On this Eleventh Observance of Caribbean Statistics Day (CSD), I encourage us all to reflect on the power of statistics and how it impacts our daily lives, including in life and death situations such as natural disasters that affect us ever so often in Caricom.
A very critical use of statistics is in weather forecasting which uses statistical modelling techniques to make predictions or forecasts. More importantly, if it is the case that a hurricane is likely, modelling its path makes use of data that also inform on the number of persons that are likely to be affected.
It is therefore possible to warn or move persons out of these areas, and to provide basic data for national disaster management and other agencies that provide support and interventions after the event and to assess and to better inform the recovery efforts.
One important and interesting indicator that we try to measure in the Region is the Number of Households/Persons that are near to coastal areas. For some of our Member States this figure is approximately 100%.
The importance of such data was underlined in the aftermath of Hurricane Dorian which struck The Bahamas last month with loss of lives, destruction of property, damage to the infrastructure and overall devastation to parts of the country.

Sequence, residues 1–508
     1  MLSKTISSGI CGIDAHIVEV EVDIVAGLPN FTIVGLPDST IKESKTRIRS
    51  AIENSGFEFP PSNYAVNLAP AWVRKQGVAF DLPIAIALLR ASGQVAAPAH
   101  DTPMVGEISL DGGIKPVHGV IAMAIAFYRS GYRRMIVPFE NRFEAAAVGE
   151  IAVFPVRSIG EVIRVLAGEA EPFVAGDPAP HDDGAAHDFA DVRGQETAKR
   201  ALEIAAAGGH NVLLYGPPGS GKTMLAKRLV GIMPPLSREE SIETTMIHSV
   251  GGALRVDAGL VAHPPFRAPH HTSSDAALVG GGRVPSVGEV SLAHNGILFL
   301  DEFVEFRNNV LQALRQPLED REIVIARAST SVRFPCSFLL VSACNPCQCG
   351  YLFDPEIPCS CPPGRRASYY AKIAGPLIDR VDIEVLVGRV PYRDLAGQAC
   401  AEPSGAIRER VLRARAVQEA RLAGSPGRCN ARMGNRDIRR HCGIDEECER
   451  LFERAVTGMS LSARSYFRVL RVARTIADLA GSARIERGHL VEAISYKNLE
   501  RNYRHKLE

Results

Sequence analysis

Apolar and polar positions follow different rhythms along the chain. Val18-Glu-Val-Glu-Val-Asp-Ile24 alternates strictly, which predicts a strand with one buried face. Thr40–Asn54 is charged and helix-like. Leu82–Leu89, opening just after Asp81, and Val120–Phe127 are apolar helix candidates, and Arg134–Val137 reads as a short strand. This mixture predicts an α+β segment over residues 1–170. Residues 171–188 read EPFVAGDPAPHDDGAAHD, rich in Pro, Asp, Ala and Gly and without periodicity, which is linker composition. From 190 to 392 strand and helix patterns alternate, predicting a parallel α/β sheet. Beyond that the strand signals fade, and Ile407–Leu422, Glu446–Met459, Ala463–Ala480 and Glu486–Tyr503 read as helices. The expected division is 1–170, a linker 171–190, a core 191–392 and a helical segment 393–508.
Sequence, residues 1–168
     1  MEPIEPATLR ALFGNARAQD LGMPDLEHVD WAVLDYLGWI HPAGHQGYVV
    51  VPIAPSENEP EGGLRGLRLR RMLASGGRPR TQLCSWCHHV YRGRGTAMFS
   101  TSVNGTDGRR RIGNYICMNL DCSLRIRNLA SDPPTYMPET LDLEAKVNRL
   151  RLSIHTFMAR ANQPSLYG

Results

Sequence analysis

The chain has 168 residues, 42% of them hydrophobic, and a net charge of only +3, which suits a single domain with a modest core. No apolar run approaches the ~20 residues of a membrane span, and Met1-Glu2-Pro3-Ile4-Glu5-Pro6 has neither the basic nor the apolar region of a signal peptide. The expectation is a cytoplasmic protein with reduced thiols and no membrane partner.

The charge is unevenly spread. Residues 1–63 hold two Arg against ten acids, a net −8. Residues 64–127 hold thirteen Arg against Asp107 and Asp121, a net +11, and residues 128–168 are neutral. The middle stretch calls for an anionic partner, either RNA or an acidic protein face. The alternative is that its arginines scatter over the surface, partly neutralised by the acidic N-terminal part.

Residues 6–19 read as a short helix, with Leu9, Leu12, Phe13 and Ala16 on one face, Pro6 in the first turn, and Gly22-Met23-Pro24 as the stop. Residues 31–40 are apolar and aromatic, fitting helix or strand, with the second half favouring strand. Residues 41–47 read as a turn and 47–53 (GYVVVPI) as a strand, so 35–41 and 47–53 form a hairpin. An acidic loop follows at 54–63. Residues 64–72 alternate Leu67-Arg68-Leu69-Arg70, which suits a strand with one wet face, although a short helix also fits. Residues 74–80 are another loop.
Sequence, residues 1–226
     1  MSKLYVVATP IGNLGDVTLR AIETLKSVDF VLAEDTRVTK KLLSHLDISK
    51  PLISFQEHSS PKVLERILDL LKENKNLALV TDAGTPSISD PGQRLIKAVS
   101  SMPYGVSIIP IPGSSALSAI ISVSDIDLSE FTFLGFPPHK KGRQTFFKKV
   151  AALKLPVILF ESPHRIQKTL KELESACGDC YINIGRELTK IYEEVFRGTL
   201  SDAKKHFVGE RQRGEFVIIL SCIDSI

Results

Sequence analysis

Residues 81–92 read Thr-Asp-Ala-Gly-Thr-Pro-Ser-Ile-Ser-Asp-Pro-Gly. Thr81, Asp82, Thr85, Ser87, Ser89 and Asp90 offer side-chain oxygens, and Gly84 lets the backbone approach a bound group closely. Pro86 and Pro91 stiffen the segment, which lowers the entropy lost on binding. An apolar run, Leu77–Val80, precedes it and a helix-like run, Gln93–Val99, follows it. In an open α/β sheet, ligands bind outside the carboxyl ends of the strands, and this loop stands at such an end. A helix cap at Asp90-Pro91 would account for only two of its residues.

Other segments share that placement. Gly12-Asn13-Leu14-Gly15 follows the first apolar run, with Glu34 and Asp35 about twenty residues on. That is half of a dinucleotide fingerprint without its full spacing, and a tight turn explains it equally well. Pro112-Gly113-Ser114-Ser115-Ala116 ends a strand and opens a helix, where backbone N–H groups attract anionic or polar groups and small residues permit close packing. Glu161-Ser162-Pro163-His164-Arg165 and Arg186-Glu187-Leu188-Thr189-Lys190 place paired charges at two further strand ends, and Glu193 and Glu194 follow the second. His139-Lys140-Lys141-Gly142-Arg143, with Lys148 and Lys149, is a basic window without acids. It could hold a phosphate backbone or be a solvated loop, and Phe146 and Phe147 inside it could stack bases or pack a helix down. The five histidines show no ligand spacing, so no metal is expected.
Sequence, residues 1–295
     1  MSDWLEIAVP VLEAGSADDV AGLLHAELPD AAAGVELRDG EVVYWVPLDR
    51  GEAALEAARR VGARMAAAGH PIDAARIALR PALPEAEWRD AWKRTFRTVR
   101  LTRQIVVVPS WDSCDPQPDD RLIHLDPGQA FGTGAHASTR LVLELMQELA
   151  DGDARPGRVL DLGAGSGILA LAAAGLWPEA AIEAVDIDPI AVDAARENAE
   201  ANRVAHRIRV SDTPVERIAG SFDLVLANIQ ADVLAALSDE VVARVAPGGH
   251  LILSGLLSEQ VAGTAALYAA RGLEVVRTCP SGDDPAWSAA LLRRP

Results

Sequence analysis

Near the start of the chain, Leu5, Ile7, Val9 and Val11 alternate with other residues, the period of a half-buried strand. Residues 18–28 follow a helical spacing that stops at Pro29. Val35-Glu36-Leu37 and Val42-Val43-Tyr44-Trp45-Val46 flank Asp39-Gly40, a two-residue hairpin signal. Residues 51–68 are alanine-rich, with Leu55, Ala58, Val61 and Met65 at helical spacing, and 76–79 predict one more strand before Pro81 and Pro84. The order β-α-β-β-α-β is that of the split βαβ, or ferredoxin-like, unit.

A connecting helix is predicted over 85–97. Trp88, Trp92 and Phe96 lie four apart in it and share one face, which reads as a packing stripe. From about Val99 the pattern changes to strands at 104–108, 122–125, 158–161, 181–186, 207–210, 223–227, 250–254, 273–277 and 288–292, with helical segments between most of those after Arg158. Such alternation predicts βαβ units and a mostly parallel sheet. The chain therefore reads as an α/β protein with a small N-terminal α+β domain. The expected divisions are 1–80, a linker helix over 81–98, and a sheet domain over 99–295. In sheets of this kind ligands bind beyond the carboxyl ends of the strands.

The Regional Strategy for the Development of Statistics (RSDS) is therefore timely and necessary to strengthen and sustain statistics and modernise and transform the work being done in the regional and national statistics systems in order to assist us in “Building the Resilience of the Caribbean Community”. This is the theme for the Eleventh CSD commemoration, as it was for the previous year, because of its continued relevance to the Community. Strong regional statistical co-operation is vital in the achievement of a resilient Community.
Heads of Government endorsed the Strategic Framework for the RSDS at their Thirty-Ninth Regular Meeting (Jamaica, July 2018) recognising that it is central to the advancement of the regional integration process. It is designed to make available harmonised, intra-regional statistics to guide and monitor its progress and to provide information for decision-making that is evidence-based.
The co-operation of Member States and support of our International Development Partners is vital for the implementation of the Caricom RSDS.
In this the Eleventh Year of the CSD, I applaud Caricom Statisticians for pursuing their dream and their vision of having a viable and effective Caricom Statistical System. As Secretary-General of Caricom, I have supported and will continue to support the strides that are being undertaken in this regard, led by the Standing Committee of Caribbean Statisticians (SCCS).
This is all being pursued in an effort to improve the lives of the people of our Community.